Magnesium: According to one study, magnesium deficiency is a “public health crisis,” linked to poor health outcomes. Another study revealed that 61% of US adults fall short of the recommended average requirement. This same source reveals that green leafy vegetables, whole grains, beans, and nuts contain high amounts of magnesium. Brazil nuts, in particular, contain high amounts of magnesium. View magnesium breakdowns in various nuts here. Some people choose to supplement magnesium. Magnesium l-threonate is designed to cross the blood-brain barrier, and supplementing with magnesium before bed has been shown to improve sleep and reduce anxiety.
Omega 3 Fatty Acids: Omega 3s are vitally important for overall health, specifically brain health. As stated previously, low Omega 3 levels can contribute to anxiety, depression, and ADHD. It is recommended to get between 250 and 500 mg of combined DHA and EPA from Omega 3s per day, but the average American gets only 90. This makes insufficiency unfortunately common. Those on low-fat or vegan diets are even more at risk of insufficiency. Fatty fish and shellfish are high in Omega 3s. The FDA recommends getting 2 4-oz servings of fatty fish (such as wild caught salmon) per week to help you get enough Omega 3s. Many people choose to supplement with krill oil, fish oil, cod liver oil, and algal oil as well. A meta-analysis showed that Omega 3s, specifically EPA, are beneficial for depression. Shockingly, 1000 mg of EPA has been shown to be as effective as anti-depressants without the side effects, according to Dr. Andrew Huberman. This academic article states that "the Omega-3 Fatty Acid Subcommittee assembled by the Committee on Research on Psychiatric Treatments of the APA advises that 'Patients with mood, impulse-control, or psychotic disorders should consume 1 g EPA + DHA per day. A supplement may be useful in patients with mood disorders." One doctor in particular recommends getting 1-2 grams of fish oil per day to treat Major Depressive Disorder. However, he advises caution when using Omega 3s for bipolar disorder.
I am only highlighting 3 key nutrients in this blog post. There are many, many more that are important for mental health! Hopefully, this blog post taught you something new. Perhaps it helps remind you that a healthy, nutrient-dense diet is important not only for physical, but also mental health. A great way to get more of the nutrients you need is to eat a healthy, nutrient-dense, varied, whole food diet. If you’re ready to take the next step, challenge yourself to “eat the rainbow,” learn more about different foods, cook more, and reduce processed foods. Make sure to treat your body with kindness and compassion every step of the way.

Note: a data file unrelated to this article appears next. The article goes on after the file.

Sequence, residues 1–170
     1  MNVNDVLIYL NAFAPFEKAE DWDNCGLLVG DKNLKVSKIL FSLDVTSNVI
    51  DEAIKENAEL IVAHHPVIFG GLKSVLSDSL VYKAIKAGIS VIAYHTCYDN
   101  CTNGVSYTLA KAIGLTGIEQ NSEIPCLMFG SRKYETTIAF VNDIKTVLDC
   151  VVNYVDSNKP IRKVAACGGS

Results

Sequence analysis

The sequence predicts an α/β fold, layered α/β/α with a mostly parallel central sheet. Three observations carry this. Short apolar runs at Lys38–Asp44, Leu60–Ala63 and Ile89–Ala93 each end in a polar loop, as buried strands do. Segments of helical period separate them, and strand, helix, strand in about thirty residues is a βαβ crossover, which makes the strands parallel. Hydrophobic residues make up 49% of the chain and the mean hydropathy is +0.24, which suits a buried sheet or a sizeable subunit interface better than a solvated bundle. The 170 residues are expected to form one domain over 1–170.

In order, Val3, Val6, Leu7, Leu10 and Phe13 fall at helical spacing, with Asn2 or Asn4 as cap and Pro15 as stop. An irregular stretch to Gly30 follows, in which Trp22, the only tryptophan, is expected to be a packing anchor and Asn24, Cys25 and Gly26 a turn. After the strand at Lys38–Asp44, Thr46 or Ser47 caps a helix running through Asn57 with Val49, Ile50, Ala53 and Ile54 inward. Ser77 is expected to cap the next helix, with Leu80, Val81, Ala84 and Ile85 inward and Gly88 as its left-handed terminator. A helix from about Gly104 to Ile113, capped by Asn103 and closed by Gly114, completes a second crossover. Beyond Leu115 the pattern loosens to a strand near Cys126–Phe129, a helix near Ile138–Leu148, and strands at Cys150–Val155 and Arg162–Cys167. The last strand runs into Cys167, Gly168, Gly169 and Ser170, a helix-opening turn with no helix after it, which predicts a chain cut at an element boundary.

If you’re curious about your personal levels, I recommend getting routine labs done regularly. You can also specifically ask your doctor to test vitamin D, magnesium, and Omega 3s if needed. If you are concerned about cost, Laboratory Assist offers affordable bloodwork (we are talking $7 for a CMP and CBC!) for people paying out-of-pocket. And if you don’t have a doctor, you can meet with one of their doctors for $40.
In conclusion, our bodies thrive when they have what they need. They sicken when they don’t. With the American population increasingly suffering from mental and physical illness, it might be time to ask ourselves: are we giving ourselves what we need to survive, no less thrive? If your favorite plant started to wilt, you'd consider giving it more water or sunlight. Shouldn’t we start to treat our bodies the same way?
**Disclaimer: The information contained within this blog post is for informational purposes only. It was written by a Licensed Professional Counselor (LPC) and Certified Integrative Mental Health Provider (CIMHP) and not a Registered Dietician (RD) or Medical Doctor (MD). It is designed to alert you about key research and findings that can support mental health. It is not designed to diagnose, treat, or cure disease. It is not “medical nutrition therapy” or medical advice. Side effects from supplements and food are mild or rare in many cases. However, always speak with a physician before making changes to your health routine, including diet, exercise, and supplementation. If you do not speak with a physician before making changes, you run the risk of side effects. There may be contraindications or risk of drug-nutrient interactions. If you do not speak to a physician, at the very least, please check drug-nutrient interactions and side effects of various supplements before taking them. Use supplements only as directed. Ensure you are purchasing quality supplements. Do not delay or stop treatment from an MD or RD as a result of what you have read in this blog post. I do not receive any financial compensation or kick-backs from any links in this post.